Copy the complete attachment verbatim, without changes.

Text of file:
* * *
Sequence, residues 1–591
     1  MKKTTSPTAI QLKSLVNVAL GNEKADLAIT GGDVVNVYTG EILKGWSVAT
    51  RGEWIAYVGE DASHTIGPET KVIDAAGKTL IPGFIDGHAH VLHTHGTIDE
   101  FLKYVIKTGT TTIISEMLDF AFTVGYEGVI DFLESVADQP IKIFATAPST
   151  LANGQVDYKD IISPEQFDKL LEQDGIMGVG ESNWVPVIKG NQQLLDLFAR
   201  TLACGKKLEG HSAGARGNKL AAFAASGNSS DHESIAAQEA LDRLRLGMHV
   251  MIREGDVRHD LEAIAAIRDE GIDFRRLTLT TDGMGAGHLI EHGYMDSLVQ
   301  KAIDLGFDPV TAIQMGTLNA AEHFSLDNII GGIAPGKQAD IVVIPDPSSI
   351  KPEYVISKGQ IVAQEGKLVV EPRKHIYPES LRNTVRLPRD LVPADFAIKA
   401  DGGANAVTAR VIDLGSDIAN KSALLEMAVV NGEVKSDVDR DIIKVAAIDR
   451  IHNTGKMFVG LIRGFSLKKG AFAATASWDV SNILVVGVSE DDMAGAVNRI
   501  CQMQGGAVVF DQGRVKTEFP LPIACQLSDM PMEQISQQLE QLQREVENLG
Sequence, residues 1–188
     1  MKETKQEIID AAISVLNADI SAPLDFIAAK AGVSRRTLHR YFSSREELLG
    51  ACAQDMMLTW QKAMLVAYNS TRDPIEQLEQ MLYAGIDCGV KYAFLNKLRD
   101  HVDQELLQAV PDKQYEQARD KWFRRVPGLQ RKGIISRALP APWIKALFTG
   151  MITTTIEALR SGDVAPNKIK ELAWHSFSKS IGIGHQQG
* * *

Sequence, residues 1–591
     1  MKKTTSPTAI QLKSLVNVAL GNEKADLAIT GGDVVNVYTG EILKGWSVAT
    51  RGEWIAYVGE DASHTIGPET KVIDAAGKTL IPGFIDGHAH VLHTHGTIDE
   101  FLKYVIKTGT TTIISEMLDF AFTVGYEGVI DFLESVADQP IKIFATAPST
   151  LANGQVDYKD IISPEQFDKL LEQDGIMGVG ESNWVPVIKG NQQLLDLFAR
   201  TLACGKKLEG HSAGARGNKL AAFAASGNSS DHESIAAQEA LDRLRLGMHV
   251  MIREGDVRHD LEAIAAIRDE GIDFRRLTLT TDGMGAGHLI EHGYMDSLVQ
   301  KAIDLGFDPV TAIQMGTLNA AEHFSLDNII GGIAPGKQAD IVVIPDPSSI
   351  KPEYVISKGQ IVAQEGKLVV EPRKHIYPES LRNTVRLPRD LVPADFAIKA
   401  DGGANAVTAR VIDLGSDIAN KSALLEMAVV NGEVKSDVDR DIIKVAAIDR
   451  IHNTGKMFVG LIRGFSLKKG AFAATASWDV SNILVVGVSE DDMAGAVNRI
   501  CQMQGGAVVF DQGRVKTEFP LPIACQLSDM PMEQISQQLE QLQREVENLG
Sequence, residues 1–188
     1  MKETKQEIID AAISVLNADI SAPLDFIAAK AGVSRRTLHR YFSSREELLG
    51  ACAQDMMLTW QKAMLVAYNS TRDPIEQLEQ MLYAGIDCGV KYAFLNKLRD
   101  HVDQELLQAV PDKQYEQARD KWFRRVPGLQ RKGIISRALP APWIKALFTG
   151  MITTTIEALR SGDVAPNKIK ELAWHSFSKS IGIGHQQG